As organizations worldwide carve a path for a post-pandemic future, HR leaders are considering priorities for the next several years. In addition to providing direction and focus, the trends in priorities that HR leaders identified in a recent Gartner survey also reveal some unique opportunities to shape their companies into productive and satisfying places to work.Here are six ways that HR leaders can help shape their companies in 2022 and beyond:
Connect organizational design and transformation to company identity
“In a lot of the HR roundtable discussions I’ve had recently, I’ve heard a lot of ‘Who are we anymore?’” says Tyra Bremer, Director, Business Development and Executive Consultant. “What does our organizational design look like? What does our future culture look like? How do we manage change?’” As companies adapt to new models of working and work through changes, HR has a chance to connect those initiatives to corporate identity and perhaps make a shift toward a more positive culture that emphasizes new or revised values.
Look for ways to keep your institutional knowledge
As companies grapple with the Great Resignation and ongoing talent shortages, HR leaders can drive efforts to hold onto institutional knowledge. “I see companies really need to figure out ways to quickly share knowledge with the next generation of leaders,” says Edward Keyes who leads Stewart Leadership’s West Coast office. “There’s a focus on doing more with less and being really efficient, and part of that is sharing institutional knowledge.”
Focus on developing the leadership bench
HR leaders can help expand leadership training and development to everyone within the company. “A lot of programs are preparing that next level of leader, whether they are high potential or not,” says Erin Ellis, Executive Consultant and Coach. “But a lot of companies are also saying, ‘hey, we may need this for everybody.’”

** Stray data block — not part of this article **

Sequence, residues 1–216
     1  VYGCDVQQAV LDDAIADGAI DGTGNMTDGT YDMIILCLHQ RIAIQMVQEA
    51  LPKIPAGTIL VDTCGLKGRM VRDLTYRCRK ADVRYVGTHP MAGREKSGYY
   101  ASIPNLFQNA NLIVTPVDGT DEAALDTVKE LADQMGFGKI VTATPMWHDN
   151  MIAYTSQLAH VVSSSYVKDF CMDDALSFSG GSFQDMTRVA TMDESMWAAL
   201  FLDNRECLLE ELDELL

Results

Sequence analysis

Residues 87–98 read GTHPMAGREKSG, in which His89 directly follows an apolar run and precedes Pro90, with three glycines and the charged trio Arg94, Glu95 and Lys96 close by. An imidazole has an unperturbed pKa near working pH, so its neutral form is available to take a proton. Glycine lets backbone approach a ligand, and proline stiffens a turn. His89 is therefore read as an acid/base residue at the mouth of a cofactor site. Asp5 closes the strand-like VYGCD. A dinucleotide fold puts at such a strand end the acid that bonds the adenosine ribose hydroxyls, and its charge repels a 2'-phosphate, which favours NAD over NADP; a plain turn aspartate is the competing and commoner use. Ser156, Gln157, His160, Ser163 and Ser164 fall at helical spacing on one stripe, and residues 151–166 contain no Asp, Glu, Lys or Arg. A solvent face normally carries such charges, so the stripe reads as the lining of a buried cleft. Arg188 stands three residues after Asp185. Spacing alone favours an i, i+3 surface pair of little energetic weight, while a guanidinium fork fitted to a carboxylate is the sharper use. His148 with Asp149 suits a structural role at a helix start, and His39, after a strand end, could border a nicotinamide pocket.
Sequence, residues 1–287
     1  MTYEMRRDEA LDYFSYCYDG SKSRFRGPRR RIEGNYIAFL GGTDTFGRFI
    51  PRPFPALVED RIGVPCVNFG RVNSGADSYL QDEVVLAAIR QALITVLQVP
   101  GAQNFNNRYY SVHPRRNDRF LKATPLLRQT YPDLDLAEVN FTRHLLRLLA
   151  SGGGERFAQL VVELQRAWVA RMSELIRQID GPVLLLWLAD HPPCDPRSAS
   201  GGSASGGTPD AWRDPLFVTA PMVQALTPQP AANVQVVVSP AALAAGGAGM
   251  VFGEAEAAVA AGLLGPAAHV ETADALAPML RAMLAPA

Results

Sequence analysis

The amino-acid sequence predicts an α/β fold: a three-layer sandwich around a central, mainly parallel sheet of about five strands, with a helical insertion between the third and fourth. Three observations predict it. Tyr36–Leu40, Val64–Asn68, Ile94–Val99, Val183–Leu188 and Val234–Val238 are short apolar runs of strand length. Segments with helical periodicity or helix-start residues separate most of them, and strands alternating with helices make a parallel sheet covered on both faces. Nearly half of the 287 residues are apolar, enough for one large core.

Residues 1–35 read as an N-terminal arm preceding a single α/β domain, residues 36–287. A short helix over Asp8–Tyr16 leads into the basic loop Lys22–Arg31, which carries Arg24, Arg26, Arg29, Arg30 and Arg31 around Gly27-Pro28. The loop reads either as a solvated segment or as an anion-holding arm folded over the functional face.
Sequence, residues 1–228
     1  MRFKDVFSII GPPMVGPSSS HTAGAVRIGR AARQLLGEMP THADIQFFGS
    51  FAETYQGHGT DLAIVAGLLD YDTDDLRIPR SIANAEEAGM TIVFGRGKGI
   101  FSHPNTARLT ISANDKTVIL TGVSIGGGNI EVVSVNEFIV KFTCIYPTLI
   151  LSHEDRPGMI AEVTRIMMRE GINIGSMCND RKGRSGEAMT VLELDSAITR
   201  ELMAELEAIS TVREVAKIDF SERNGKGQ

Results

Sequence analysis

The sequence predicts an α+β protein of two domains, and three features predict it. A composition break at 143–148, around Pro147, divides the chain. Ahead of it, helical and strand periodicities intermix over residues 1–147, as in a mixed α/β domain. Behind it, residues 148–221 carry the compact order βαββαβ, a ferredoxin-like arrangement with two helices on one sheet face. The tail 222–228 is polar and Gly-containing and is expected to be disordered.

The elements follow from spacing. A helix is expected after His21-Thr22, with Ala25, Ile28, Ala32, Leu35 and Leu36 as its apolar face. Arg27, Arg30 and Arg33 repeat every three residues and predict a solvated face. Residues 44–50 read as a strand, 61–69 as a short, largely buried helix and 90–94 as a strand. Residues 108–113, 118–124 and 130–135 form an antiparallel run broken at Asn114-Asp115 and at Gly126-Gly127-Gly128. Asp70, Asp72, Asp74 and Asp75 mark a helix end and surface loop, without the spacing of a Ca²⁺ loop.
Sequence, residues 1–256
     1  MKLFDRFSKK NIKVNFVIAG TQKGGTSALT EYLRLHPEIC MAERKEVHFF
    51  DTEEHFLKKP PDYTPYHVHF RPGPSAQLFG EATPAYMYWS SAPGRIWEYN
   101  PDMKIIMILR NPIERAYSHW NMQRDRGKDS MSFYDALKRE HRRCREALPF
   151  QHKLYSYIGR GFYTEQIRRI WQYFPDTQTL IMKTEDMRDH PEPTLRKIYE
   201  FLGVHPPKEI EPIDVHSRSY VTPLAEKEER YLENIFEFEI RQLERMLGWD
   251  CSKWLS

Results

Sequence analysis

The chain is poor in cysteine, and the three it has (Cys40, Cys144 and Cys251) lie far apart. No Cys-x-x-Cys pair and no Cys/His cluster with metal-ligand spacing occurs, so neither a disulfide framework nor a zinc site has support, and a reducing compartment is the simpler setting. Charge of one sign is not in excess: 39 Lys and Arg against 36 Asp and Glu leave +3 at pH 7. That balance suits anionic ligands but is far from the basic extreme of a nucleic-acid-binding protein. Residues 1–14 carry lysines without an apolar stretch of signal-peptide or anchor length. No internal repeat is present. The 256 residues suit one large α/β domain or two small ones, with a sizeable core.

Upskill your internal people
More than just developing your leadership bench, companies should be upskilling their current teams as well, especially on the technical side. “I was familiar with a company who basically said they didn’t help their IT people stay current, so they had to let them all go and hire new people who had the right skills,” says Taura Prosek, Director, Business Development and Executive Coach. “They didn’t like it, but it was too little, too late.” Make sure your technical teams get the training and education they need to stay current on necessary skills.
Help the company become comfortable with dynamic reality
The last two years have taught us that “normal” is constantly in flux and that what works one day may need to be adapted the next. “Keep in mind that you’re never going to get to a place that’s static, and you need to accept the dynamic reality of who we are,” says Daniel Stewart, President.
After two years of functioning around a pandemic, almost everyone is dealing with some level of exhaustion. HR teams can help teams avoid burnout and encourage recovery by emphasizing both self-care and empathetic leadership. “We’ve had pressure and stress on organizations that I don’t think we’ve seen for a long time in such a broad way,” says Nolan Godfrey, Regional Director and Executive Consultant. “I think this is why we’re seeing a resurgence of this concept of resilience. And a lot of the things we’re talking about are both individual and organizational.”
“Our brains operate exactly like a battery, and if you are not charging your brain, you end up in fatigue and burnout,” says Tyra Bremer. “Our brains recharge by letting our minds wander.” Many people have not had the time or space to simply rest and let their minds wander in these past two years, and they may need that.
“The thought is, ‘well, we need to invest in leaders because the leaders are the ones who are going to build the culture and retain people,’” says David Thurston, Director, Business Development and Executive Consultant. “And I see a lot of people come out of the roundtables with a kind of exhaustion around COVID. They want to put something in place, but everyone is tired.”
As companies face this unique time of rebuilding, setting priorities and pursuing initiatives is necessary. Strong HR leaders shouldn’t miss the opportunities within those priorities to shape a robust and human-centric company that’s well-equipped with the knowledge and skills to grow for the long term.